Home » Helen Steele: ‘I work seven days a week for half a month’

Helen Steele: ‘I work seven days a week for half a month’

Don’t be surprised if in April you see a lone kayaker canoeing along the Dublin coast from Monkstown to Greystones. It could be fashion designer Helen Steele who, if she is not paddle boarding, hiking, diving, running or playing tennis, will be spending the day in her canoe or in her studio in Clonskeagh working on her collections.

It comes as no surprise that both her seasonal sportswear collections for Dunnes Stores, called Flow, and her womenswear line for Costume, called Purple Wave, draw their inspiration from the sea and from moving house from the countryside in Monaghan to Dublin during the first lockdown.

“I had been landlocked for so long in both Monaghan and Maynooth where I grew up, but now [being so near the sea] is so therapeutic,” she says. “Though it’s a pain getting the canoe onto the rack. I don’t think I could work without the energy generated from workouts because they help to focus the brain”. Members of her Dunnes team are also athletic – one being a triathlon and Iron Woman competitor and the others yoga and Pilates enthusiasts –“so you get great feedback”, she says.

Steele works on her main collection from a small shed in her Dublin home, a smaller studio than the one in Emyvale, “but more cost-effective”. It is here that she designs the dizzying prints and patterns that capture the energy of the sea by “running and pouring multilayers of paint and recreating the swirling incoming tides by razor-blading shades of purple, blue, pink, white and red”.

After creating the artwork, the patterns are then digitally printed in the Netherlands on luxury eco-friendly fabrics called Ecovero Challis made from wood pulp along with silk crepe and stretch silk satins. A heavier fabric made from bamboo and coated with silk is used for padded biker jackets. Her Purple Wave collection for 2023 introduces new shapes, a voluminous skirt called the RaRa and a slightly asymmetric strapped dress called Didi, inspired by fairytales of the sea.

Everything is made in Ireland by a Romanian team with whom she has been working for 10 years, says this mother of three grown-up children (one of whom, Halle, is the busy and successful plus size-model who appears in some of these photographs). It is all very labour-intensive, which explains the prices. “I work seven days a week for half a month, but I eat, sleep, breathe it and absolutely love it,” says Steele.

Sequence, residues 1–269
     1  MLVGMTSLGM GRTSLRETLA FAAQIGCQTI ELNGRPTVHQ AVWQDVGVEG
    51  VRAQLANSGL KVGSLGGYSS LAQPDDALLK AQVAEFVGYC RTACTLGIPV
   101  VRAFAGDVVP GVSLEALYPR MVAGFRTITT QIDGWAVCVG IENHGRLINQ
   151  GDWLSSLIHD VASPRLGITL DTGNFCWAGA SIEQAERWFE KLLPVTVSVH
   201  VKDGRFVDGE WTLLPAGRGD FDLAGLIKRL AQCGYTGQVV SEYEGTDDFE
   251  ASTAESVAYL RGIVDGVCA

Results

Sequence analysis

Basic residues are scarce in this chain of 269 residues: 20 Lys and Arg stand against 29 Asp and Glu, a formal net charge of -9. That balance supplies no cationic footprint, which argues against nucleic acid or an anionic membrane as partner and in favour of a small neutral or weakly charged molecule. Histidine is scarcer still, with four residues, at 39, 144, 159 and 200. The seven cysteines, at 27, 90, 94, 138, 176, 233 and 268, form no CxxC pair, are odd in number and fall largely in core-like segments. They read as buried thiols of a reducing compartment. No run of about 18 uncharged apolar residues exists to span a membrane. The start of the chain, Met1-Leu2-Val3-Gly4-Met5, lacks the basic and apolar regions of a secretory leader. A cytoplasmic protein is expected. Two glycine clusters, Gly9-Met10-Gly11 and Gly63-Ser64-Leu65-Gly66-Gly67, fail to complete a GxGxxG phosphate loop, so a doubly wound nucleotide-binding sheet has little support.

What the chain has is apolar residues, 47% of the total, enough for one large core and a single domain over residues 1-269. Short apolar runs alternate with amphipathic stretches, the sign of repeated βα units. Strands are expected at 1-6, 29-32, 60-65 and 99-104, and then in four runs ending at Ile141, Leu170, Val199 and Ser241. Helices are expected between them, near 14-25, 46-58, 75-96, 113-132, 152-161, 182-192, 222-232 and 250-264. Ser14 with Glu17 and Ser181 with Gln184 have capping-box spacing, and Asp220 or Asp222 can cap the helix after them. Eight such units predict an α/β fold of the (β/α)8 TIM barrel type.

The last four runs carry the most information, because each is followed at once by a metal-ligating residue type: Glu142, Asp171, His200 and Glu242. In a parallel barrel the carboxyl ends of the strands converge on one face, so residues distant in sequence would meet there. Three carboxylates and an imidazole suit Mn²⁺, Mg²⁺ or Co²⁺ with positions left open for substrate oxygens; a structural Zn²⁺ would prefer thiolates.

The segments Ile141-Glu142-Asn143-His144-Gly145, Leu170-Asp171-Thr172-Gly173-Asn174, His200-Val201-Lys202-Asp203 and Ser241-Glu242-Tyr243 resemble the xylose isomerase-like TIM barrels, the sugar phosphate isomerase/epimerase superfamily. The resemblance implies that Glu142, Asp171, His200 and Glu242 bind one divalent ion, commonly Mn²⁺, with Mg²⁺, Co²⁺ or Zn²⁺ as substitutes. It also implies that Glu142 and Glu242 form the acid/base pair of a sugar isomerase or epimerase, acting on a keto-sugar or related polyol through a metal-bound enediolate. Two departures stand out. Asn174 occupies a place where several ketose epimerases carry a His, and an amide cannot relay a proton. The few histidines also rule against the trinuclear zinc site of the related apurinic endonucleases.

The coming year will be a busy one for the designer supporting charities like the Scoop Foundation’s Art Auction for which she provides artwork and participating in the Jack and Jill Foundation’s Incognito fundraising initiative where she is one of the leading artists. She will also be showing her collection in New York in September followed by Paris in October. In April, she’s staging a fashion show at the Irish Embassy in the Netherlands courtesy of Irish ambassador Brendan Rogers and his wife Brenda, originally planned for St Bridget’s Day. She also presented a collection at the Irish Embassy in Bangkok when Rogers was the Irish ambassador to Thailand.

In the meantime, she can occasionally be seen in her Clonskeagh studio in her working gear, a Chicago County Jail orange jumpsuit “now encrusted with eighteen years of paint. I break into it from time to time” she says with a laugh.

Helen Steele’s Flow collection for Dunnes Stores will be on sale from mid to late March. Her collection Purple Wave will be sold exclusively in Costume and online at www.helensteele.com